New Jersey is moving to stop an ocean research project opposed by the state's Department of Environmental Protection (DEP), fishing groups, and environmentalists.
The US National Oceanic and Atmospheric Administration (NOAA) issued a permit on 1 July and the seismic surveys began, prompting a last-minute effort by the Administration of NJ Governor Chris Christie to take legal action to try to stop the work.
The study is funded by the National Science Foundation (NSF) and led by Rutgers University.
On 3 July, NJ DEP Commissioner Bob Martin said that the seismic work could adversely impact the state’s vital tourism and fishing industries and marine life. The state filed legal papers to seek injunctive relief in federal court to prevent the 241ft-long vessel, R/V Marcus G. Langseth, from conducting seismic research off the coast. The vessel is operated by Lamont-Doherty Earth Observatory's (LDEO) Office of Marine Operations [photo at right from LDEO].
But on 8 July, US District Judge Peter G. Sheridan, presiding in Trenton, issued a ruling from the bench after a hearing, saying the seismic work could continue following a one-day stay to allow the state time to file an appeal.
NJ's DEP responded that it would appeal to the 3rd Circuit US Court of Appeals.
The DEP says the research will use loud, powerful sound blasts to map the ocean floor over a 30-day period that will likely have a detrimental effect on New Jersey’s fisheries and marine mammals.
“We must carefully safeguard those resources, which play such a key role in our state’s US$40 billion tourism industry, for the benefit of our residents, businesses and the environment,’’ Commissioner Martin said.
“We have made our concerns clear to the NOAA and remain hopeful that, at the very least, this initiative will be rescheduled for a less impactful time of year," Commissioner Martin added. "The timing of this program will be detrimental to various marine species that migrate and breed off the New Jersey coast and will negatively impact the commercial and recreational fishing industries, and related tourism, that relies heavily on these resources."
DEP contends that NOAA failed to act properly when it denied the DEP’s request to study fisheries impacts. This request was made in addition to comments the DEP provided for a federal permit allowing for incidental harming or killing of marine mammals in the study area.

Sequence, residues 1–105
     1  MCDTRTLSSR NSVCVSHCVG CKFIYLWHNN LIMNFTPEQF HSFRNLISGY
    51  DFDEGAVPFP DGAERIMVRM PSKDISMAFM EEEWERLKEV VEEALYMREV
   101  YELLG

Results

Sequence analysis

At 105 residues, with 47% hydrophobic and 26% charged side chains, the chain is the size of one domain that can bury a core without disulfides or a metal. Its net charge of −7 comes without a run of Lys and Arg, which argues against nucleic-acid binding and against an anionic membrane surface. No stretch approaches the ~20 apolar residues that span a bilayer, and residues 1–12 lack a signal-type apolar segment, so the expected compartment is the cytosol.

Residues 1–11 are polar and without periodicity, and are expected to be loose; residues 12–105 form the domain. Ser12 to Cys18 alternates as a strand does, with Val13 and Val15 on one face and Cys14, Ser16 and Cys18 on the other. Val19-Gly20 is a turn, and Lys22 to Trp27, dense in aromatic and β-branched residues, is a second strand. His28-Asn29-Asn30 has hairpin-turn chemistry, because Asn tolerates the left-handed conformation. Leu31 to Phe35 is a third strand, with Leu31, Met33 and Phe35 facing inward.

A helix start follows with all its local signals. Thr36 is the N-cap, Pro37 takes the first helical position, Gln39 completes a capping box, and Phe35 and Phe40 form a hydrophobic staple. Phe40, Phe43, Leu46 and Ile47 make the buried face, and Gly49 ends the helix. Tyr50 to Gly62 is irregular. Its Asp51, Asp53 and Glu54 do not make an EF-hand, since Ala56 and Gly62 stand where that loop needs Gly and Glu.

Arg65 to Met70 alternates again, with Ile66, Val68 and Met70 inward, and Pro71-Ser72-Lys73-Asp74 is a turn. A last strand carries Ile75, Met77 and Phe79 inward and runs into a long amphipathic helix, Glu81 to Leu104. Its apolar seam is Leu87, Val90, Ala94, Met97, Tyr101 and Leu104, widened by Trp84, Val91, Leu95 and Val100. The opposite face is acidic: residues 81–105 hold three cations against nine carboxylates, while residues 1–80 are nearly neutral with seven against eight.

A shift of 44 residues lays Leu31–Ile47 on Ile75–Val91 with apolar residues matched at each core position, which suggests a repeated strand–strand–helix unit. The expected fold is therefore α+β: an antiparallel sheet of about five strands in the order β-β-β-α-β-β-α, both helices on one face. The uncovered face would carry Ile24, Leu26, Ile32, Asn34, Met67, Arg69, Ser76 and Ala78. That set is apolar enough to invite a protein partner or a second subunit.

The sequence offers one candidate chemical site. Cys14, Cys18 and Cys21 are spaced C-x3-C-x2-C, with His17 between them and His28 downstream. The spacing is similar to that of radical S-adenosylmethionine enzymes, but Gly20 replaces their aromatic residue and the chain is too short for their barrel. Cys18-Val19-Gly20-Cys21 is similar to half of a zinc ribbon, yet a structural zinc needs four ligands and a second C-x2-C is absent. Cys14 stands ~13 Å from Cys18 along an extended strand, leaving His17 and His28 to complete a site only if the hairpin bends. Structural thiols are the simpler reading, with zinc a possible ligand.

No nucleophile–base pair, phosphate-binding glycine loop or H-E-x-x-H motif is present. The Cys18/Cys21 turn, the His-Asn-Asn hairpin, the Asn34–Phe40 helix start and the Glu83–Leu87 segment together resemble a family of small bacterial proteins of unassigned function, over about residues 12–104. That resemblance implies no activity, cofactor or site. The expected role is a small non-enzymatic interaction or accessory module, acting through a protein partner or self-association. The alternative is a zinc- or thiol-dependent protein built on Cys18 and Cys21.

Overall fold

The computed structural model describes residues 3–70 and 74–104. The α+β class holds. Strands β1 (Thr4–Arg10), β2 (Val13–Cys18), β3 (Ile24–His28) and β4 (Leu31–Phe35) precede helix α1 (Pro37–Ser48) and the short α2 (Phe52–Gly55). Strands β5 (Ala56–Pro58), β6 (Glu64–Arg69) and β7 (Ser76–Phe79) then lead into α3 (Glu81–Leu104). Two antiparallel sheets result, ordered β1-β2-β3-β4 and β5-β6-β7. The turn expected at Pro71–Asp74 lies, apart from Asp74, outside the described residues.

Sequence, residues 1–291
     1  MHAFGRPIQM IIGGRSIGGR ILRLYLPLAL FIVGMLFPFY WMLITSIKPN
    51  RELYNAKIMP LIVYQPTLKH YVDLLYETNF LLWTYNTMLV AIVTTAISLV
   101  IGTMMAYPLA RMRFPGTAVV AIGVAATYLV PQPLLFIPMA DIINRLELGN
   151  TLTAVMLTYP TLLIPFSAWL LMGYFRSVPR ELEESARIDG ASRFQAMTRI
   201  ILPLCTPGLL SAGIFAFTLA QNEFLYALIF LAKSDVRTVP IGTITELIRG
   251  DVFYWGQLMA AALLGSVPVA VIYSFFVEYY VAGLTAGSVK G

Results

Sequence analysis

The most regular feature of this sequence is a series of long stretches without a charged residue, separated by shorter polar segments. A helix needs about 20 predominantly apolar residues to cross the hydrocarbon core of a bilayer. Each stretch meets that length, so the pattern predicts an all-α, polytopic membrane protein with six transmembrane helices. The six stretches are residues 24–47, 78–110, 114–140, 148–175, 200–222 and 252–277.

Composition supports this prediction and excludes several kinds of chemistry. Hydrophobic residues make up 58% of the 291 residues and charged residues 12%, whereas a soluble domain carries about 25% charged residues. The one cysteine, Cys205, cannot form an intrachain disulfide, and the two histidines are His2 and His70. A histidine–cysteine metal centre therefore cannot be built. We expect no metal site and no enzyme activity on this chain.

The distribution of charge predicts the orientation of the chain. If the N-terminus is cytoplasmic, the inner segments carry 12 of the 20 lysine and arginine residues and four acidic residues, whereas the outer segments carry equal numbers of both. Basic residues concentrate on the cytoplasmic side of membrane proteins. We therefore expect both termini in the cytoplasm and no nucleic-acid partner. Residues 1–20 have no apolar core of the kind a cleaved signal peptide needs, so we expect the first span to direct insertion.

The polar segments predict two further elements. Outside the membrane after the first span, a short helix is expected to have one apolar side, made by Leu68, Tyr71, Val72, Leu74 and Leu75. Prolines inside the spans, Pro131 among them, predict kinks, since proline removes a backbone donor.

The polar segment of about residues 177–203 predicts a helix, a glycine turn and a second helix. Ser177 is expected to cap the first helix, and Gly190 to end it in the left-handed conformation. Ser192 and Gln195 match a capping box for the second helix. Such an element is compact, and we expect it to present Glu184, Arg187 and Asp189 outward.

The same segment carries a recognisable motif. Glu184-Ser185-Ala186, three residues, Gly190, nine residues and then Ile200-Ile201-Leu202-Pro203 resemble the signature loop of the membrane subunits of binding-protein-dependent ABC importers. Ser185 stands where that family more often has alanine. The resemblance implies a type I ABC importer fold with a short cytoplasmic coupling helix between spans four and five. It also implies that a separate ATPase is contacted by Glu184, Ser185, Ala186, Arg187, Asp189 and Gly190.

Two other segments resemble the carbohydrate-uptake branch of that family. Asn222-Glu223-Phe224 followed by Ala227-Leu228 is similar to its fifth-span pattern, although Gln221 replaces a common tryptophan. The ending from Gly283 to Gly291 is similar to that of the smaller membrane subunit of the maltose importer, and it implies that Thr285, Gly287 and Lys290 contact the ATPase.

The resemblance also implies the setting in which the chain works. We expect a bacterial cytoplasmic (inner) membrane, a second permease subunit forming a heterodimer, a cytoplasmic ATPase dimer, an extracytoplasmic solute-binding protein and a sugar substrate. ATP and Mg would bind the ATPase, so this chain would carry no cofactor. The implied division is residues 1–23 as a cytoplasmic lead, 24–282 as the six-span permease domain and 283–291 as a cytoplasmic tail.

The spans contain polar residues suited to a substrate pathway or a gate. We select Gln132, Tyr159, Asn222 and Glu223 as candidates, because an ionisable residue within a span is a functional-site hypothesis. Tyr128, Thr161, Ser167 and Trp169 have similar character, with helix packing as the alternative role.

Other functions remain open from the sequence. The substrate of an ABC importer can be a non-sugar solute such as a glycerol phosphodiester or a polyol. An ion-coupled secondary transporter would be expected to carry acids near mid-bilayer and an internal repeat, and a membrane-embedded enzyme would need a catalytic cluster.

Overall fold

The NSF’s own environmental study concludes that because of limited knowledge of the effects of seismic surveys on marine fish, this “makes drawing conclusions about impacts to fish problematic.”
Part of the study area includes areas identified as essential fish habitat (EFH), which are important for fish spawning, breeding, and feeding. In approvals for this study, NOAA concedes that “it appears that some level of adverse effect to EFH may occur.”
Rutgers University received funding from the NSF to conduct seismic ocean blasting tests between 15mi and 50mi east of Barnegat Inlet as part of a climate change study. The process involves the repeated blasts of compressed air by underwater seismic air guns, designed to determine the scientific understanding of changes in sea level rise by examining deep sea sediments.
AP reports that since July 1, researchers have been using air guns that fire every 5.4sec and emit about 250db of sound. The plan is to operate the guns continuously for 30 days.
The DEP’s Bureau of Marine Fisheries and Office of Environmental Review have both concluded that this seismic activity would likely negatively impact New Jersey’s fish and marine mammal populations, including several endangered species.
NOAA is in the process of updating its Marine Mammal Acoustic Guidance, which set standards on how man-made sounds like seismic testing, sonar tests and ship noise, can affect marine mammals. Currently, the threshold level where underwater noise is considered to pose dangers to marine wildlife is 160db, which is louder than a jet engine.
DEP contends that this proposed seismic research can either directly harm fish or disrupt migration patterns that will have a detrimental impact on our commercial and recreational fishing industry. The study’s one-month time window coincides with the height of fish migrations through the study area. This time window also accounts for nearly 20% of the annual catch for many species of fish. In addition to fisheries impacts, the DEP further contends that the study will have an impact on marine mammals that migrate through the area and into New Jersey’s coastal waters. This concern is further reinforced by NOAA’s permit authorizing some harm to marine mammals, including threatened and endangered species.
AP's Geoff Mulvihill noted the unusual legal alliances: "The federal government is speaking on behalf of the state's flagship public university. The state government is on the side of some environmental groups that are frequently deeply critical of it."